Public registries are an increasingly popular approach; the UK, Norway, the Netherlands, and 11 other countries are developing registers, and the European Parliament has voted in support of this measure. The Open Ownership project this week launched a Global Beneficial Ownership Register, which will draw together data from all these sources into a single linked dataset, searchable by individual and company name. But such central registers are not the only approach to meeting the beneficial ownership commitment. The other main approach is for jurisdictions to impose a duty on corporate service providers (CSPs) to verify true identity of company owners and to make this information available to law enforcement, courts and regulators.
The CSP approach has the advantage of providing a means of verification, whereas central registers are generally passive archives based on self-reported information. Crooks and kleptocrats are least likely to feel compelled to file honest information. The World Bank report ‘Puppet Masters: How the Corrupt Use Legal Structures to Hide their Stolen Assets and What to do About It’ concluded that requiring CSPs to collect and verify ownership information is more effective than relying on self reporting to a central register.
Open, self-declared public registers are relatively cheap to operate, particularly if the country already has an online company register, since it essentially involves adding a few extra fields to an existing form. They offer universal access to information and the prospect of ‘many eyes’ checking the data. Other options include combining a central register with CSP verification (as they do in Jersey), or beefing up capacity of the registrar (or tax authority) to spot check and verify the register.
In the paper I set out the different options and look at the pros and cons of each approach in terms of quality of information, ease of access by authorities cost and impacts on privacy, and the risk of creating a false sense of security through encouraging due diligence based on unverified information. It seems likely that only systems which include strong CSP regulation can provide assurance of reliable information. This can be combined with closed central registers as in Jersey (and more recently being developed in the British Virgin Islands) or with open registers. But it is not clear that open registers must be the universal solution for all jurisdictions, if privacy and confidentiality preferences are taken seriously. A key question therefore is whether it is legitimate for someone who is not a public official, or engaged in sensitive areas such as public contracts or the extractive industries to prefer to keep their ownership interests as private information, so long it is available to law enforcement, banks and those they do business with.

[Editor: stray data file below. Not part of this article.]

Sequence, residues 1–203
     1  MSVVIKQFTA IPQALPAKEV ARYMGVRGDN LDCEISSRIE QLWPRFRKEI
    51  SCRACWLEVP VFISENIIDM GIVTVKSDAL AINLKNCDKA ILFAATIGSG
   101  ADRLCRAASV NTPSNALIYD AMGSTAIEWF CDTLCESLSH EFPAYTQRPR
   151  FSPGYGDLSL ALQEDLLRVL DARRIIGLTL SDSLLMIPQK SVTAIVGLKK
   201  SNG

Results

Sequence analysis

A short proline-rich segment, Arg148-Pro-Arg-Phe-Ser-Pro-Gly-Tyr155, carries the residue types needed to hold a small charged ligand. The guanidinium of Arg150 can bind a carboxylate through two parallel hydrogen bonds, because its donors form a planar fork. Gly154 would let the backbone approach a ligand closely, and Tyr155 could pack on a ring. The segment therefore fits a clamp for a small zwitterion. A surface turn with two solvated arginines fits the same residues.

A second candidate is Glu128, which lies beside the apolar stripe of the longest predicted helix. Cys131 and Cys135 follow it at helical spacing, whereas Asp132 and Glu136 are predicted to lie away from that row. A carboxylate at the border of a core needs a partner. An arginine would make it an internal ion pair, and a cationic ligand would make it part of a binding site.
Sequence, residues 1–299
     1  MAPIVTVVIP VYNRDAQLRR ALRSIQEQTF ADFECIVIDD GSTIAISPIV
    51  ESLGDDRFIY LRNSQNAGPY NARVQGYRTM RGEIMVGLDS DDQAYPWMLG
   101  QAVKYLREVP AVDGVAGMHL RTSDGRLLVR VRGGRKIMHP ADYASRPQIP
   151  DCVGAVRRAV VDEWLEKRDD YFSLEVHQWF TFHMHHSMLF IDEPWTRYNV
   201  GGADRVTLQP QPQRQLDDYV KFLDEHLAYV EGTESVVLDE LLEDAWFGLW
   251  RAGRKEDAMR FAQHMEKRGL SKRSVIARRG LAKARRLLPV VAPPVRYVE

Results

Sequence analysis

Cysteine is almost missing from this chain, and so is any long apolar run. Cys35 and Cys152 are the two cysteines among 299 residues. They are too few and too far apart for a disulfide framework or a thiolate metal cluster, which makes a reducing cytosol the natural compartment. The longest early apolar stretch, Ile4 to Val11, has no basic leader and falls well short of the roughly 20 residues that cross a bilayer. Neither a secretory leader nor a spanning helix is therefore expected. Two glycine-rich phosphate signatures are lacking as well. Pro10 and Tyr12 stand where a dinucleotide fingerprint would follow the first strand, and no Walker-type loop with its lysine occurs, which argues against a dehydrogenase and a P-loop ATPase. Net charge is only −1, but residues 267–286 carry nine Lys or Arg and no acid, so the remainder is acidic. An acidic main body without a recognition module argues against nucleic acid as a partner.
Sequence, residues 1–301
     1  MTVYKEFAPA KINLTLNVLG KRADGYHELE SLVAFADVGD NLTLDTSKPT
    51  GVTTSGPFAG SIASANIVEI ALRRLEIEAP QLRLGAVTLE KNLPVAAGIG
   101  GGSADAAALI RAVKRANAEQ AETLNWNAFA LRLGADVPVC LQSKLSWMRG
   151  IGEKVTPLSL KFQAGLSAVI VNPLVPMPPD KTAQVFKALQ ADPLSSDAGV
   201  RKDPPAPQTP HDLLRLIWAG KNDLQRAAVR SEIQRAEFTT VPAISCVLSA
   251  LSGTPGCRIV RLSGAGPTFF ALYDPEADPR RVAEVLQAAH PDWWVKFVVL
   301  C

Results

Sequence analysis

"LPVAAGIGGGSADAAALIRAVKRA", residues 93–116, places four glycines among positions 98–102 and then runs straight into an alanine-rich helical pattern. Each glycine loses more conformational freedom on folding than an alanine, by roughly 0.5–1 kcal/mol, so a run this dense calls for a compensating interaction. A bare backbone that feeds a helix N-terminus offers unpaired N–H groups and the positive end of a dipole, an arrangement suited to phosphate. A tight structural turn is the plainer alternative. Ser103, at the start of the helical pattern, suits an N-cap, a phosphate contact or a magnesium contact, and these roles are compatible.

Starting this year, large multinational companies will be required to file country-by-country (CbC) reports with information on sales, profits, number of employees, and taxes paid for their entities in each jurisdiction where they operate. These two page summaries sit alongside the 50-100 thousand pages of annual tax returns that large multinationals submit in confidence to national tax authorities. These CbC reports will be shared between tax authorities as a risk assessment tool in order to help them direct audits, but not made public. Many civil society organizations, as well as some politicians and the European Commission argue companies should be required to publish CbC reports publicly, so that citizens can see for themselves what tax multinationals pay.
A recent white paper by Alex Cobham, Johathan Gray and Richard Murphy developed as part of the Open Data for Tax Justice project set out an ambitious set of user needs to place on what will be a very limited amount of data. Many tax professionals argue that without access to confidential tax return data this would not provide adequate information to allow members of the public to second-guess the basis of calculations but would lead to a cacophony of accusations, misunderstandings, and rebuttals fueling mistrust and undermining tax morale. Certainly, it is clear that expectations of huge amounts of revenue at stake for the poorest countries that are often underpin hopes around country by country reporting have been fuelled by misunderstandings and exaggeration.